Movie Review | Akira
Movie summary: A secret military project endangers Neo-Tokyo when it turns a biker gang member into a rampaging psychic psychopath who can only be stopped by two teenagers and a group of psychics. (IMDb)
Just to open with a statement of how good Akira is: it wasn't as good as I remembered, but is still one of the best animated movies I've ever seen in my life. Or, to put it another way, Akira set the standards for adult animation (meaning not for children, not pornographic) so high, that other movies are slowly closing the gap, but still aren't there quite yet.
The main thing that classifies this movie as not being for children is the level of violence and portraying the horrible, bloody outcomes of those on the receiving end. People are torn to pieces by gunfire, crushed to a bloody mush, limbs are severed, bodies are splattered against walls and ceilings - not to mention significant body horror at the end.
So, it's definitely not for kids despite the fact that there's only mild swearing, minor references to recreational drug use and no sex - one girl, Kaori, does have her top ripped off to expose her breasts, but it's as a result of her and her boyfriend, Tetsuo, being attacked and she's punched in the face almost immediately after, leaving her features puffy and swollen.
If violence that's disgusting and bloody puts you off, then it may be best to give Akira a miss, although you will be missing out. That violence and the results of it being inflicted on others is simply a part of how seriously the movie treats its subject matter. There's some brief moments of levity, but this is effectively a science-fiction drama for the most part.
It's also weird now to think that Akira is set in 2019, which was just over three decades into the future when the movie was originally released. Even in this fictional world, civil unrest features from start to finish with huge crowds protesting an increasingly militaristic government, with religious fanatics not exactly helping to calm things down either.
Even then, that stuff is all background matter that helps to flesh out the world as the story mainly follows a group of teenagers, Tetsuo and Kaneda primarily. Tetsuo is constantly trying to prove himself as a worthy member of the bike gang he and Kaneda are part of, resenting that his long-time friend always has to come to his rescue.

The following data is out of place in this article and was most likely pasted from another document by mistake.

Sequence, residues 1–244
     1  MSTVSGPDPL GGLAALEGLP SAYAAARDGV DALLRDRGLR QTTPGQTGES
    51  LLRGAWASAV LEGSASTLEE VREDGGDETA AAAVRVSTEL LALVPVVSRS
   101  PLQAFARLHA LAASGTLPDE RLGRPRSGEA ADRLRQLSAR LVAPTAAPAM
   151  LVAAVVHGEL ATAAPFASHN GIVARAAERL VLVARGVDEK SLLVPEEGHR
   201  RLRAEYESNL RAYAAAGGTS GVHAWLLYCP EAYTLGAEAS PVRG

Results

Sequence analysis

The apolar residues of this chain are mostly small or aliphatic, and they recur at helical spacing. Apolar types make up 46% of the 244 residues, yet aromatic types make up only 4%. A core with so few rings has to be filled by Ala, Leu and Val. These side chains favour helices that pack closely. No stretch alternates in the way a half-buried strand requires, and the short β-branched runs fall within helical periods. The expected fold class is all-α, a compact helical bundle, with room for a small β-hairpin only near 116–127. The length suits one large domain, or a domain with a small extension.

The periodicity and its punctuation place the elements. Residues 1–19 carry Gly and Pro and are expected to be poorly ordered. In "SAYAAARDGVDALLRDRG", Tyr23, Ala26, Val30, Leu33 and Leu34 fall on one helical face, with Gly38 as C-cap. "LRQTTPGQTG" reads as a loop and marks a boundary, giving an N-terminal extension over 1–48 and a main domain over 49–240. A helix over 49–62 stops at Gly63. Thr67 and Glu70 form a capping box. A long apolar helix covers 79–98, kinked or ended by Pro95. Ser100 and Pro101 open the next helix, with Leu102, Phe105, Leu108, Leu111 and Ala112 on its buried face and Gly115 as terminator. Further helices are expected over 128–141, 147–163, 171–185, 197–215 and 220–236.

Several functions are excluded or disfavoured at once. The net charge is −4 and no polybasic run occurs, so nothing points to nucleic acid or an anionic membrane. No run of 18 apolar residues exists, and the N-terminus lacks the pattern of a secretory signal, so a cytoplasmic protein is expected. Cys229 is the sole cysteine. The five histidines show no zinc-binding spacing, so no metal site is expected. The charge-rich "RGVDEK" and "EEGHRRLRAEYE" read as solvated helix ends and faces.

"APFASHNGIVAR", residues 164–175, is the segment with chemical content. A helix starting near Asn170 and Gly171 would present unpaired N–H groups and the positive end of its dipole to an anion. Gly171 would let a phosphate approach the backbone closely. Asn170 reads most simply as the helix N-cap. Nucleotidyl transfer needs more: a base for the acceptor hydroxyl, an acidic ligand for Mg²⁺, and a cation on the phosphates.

It's only after an accident that awakens the dormant, and soon to be overwhelming, Akira energy inside of him where things take a turn for the worse. It seems like he is suffering at first, but his strength grows and grows to the point of him becoming a nigh-invincible super-villain - although 'villain' is a little harsh as it's made clear that Tetsuo can't really control what's happening to him.
That detail is what stops Akira from being a simple 'power corrupts' story and elevates it to something more. The movie very much leads you into thinking that's all it is, especially as Tetsuo undeniably enjoys his new-found strength to begin with, even taunting Kaneda repeatedly that his friend is now the one that will need saving, not him.
There are other plots and character arcs that weave in and out of this central story-line, but there's simply too much that would need delving into in far greater depth and detail than is appropriate for a review. Akira is a densely-packed movie with a large number of characters with lives and personalities of their own, even as everything eventually comes together.
As for the look of the movie, it is simply stunning and a true master-piece of hand-drawn animation that looks better and has a far greater sense of visual style than most animated movies that have come out since. The sheer scope of events in the city of Neo Tokyo is breath-taking and, even with modern CGI capabilities, you can completely understand why Akira is proving so hard to turn into a live-action movie.
It's not just the animation either, with a truly incredible score will stay with you long after the movie is over. I hadn't seen Akira for comfortably over a decade before watching it again for this review and just hearing some of the music again was an absolute treat. Every single piece is perfect for the occasion when it's used and what more can you ask of a score for a movie?
I will admit that I can't really speak for the performances, having only ever watched the subtitled version and not understanding Japanese. Actually, I'll amend that: I can't speak for the line delivery or how clear it might be for Japanese speakers, but the required emotion certainly seems to be there - I'm pretty sure you'd be able to tell any character's feelings without looking at the screen.
I simply can't stress just how much I love Akira and how wholeheartedly I recommend seeing it - yes, even if you're squeamish about blood and/or violence. It's not a movie you can just put on in the background, thanks to the sheer number of characters and inter-weaving plots and arcs that run the length of the story, but I can't imagine you'll lose interest watching anyway.
Akira remains to this day one of the best animated movies ever created, cramming so much into two hours without ever feeling like there's too much to take in that it's a miracle.It looks stunning, with what is still world-class animation; the score is flat-out incredible; and the movie doesn't shy away from some gruesome images either. An absolute must-watch.